1. Edit, polish, and release two more short stories in my Paranormal Playground series. I met a wonderful writer at Immersion who also likes a bit of snark on the page, and she will be taking a look at one of my shorts to give feedback before I publish. I know this isn’t exactly progress on my part, but I feel good about her being able to help me edit well.

2. Read 12 books. I read The Ashford Affair by Lauren Willig and Nothing Sweeter by Laura Drake. Two down, ten to go.

3. Attend Immersion Master Class and follow-up. During the workshop, I made some great changes to my young adult novel and got a much better sense of where my weaknesses still are. I’m ready to tackle the edits head-on this week and look forward to having a pretty, polished manuscript very soon.

So what workshops, retreats, or online courses do you recommend? And how was your week?

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Lawson Academy Live and #ROW80

So how did I spend my last several days? Well, on Saturday I was privileged to attend a workshop with writing teacher Margie Lawson hosted by the Houston Writers Guild. Margie walked us through how to add power and emotional depth to our manuscripts.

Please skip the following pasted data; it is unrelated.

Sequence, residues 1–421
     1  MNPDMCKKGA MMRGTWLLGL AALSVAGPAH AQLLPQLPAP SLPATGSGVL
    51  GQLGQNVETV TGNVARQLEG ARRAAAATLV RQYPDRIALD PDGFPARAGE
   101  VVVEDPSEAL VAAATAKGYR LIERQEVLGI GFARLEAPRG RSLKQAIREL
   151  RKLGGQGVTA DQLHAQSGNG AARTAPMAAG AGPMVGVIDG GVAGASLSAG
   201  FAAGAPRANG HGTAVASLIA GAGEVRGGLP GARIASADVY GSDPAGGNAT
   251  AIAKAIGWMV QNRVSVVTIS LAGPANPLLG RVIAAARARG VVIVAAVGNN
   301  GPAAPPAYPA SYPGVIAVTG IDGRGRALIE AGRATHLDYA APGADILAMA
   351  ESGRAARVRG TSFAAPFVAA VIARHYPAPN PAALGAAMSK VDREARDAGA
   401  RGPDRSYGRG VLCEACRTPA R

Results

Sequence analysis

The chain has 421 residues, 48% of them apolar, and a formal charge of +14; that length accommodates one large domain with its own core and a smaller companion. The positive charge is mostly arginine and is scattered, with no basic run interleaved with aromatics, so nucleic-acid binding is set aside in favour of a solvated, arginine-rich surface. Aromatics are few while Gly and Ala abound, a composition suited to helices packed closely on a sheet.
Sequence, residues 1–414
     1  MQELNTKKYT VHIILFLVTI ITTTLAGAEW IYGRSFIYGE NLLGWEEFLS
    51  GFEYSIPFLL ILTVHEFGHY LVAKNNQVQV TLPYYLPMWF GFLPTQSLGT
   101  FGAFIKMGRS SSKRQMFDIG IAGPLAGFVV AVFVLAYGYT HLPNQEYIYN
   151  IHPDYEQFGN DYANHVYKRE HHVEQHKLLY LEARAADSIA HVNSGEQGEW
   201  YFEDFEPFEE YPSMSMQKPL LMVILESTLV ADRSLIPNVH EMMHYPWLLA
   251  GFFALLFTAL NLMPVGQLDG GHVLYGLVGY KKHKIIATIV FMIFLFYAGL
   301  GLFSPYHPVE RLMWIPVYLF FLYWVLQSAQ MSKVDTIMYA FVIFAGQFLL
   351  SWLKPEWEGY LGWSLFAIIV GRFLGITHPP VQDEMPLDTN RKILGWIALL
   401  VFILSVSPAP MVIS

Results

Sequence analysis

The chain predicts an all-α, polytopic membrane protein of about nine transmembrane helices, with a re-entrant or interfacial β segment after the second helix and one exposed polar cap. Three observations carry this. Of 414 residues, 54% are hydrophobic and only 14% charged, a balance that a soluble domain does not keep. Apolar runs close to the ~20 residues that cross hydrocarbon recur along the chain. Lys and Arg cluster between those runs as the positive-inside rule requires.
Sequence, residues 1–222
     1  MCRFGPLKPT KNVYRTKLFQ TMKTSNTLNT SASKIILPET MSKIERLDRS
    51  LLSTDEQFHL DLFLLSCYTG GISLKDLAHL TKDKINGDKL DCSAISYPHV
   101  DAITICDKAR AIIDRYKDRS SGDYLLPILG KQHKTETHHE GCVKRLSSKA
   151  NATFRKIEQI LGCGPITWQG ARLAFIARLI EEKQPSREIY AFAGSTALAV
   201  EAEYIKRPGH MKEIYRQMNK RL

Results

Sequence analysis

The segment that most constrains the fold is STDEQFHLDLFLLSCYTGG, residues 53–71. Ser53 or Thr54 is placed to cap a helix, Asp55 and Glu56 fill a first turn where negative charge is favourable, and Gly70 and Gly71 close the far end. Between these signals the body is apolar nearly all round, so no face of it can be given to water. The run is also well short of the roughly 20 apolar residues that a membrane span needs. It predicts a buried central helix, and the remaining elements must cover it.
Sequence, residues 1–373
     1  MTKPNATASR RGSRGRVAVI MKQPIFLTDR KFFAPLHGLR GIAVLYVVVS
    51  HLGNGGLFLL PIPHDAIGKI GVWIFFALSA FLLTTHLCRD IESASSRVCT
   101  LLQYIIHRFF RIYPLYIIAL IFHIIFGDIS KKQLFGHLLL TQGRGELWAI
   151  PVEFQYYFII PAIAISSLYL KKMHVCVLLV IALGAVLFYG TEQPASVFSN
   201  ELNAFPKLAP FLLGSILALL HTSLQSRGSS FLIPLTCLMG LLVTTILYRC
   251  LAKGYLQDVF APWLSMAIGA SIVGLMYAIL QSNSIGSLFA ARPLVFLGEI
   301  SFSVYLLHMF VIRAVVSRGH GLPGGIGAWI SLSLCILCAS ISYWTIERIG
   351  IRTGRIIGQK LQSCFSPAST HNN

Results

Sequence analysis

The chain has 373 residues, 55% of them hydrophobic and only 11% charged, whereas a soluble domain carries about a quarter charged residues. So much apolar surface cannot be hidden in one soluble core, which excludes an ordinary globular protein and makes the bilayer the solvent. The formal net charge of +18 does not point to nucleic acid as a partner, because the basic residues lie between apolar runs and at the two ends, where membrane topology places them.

Here’s a sample of a passage in my middle grade contemporary novel before and after. In this scene, 7th grader Beth Whittaker admits that her father is an alcoholic. But Beth doesn’t want to discuss it any further with her mom.

Before (1st Draft): As I spoke, Mom made her way over to me. She shut the refrigerator door and pulled me toward her. I pushed away, as tears gathered in my eyes again. “I’m not hungry anyway,” I said shakily. My mother’s arms enveloped me, as I tried to gently push back.

After (Revised): She wouldn’t leave me alone. She wouldn’t let me shrug off the terrible truth. She wouldn’t give me the yardstick of personal space I clung to like a force field. My mother crossed the floor, pierced my perimeter, and trapped me in her arms.

I had worked my way through some of Margie Lawson’s Deep EDITS lessons, but this was a good experience through which we critically analyzed passages by other authors as well as our own work to strengthen our editing skills. If you get a chance to attend an event with her, I’d recommend it.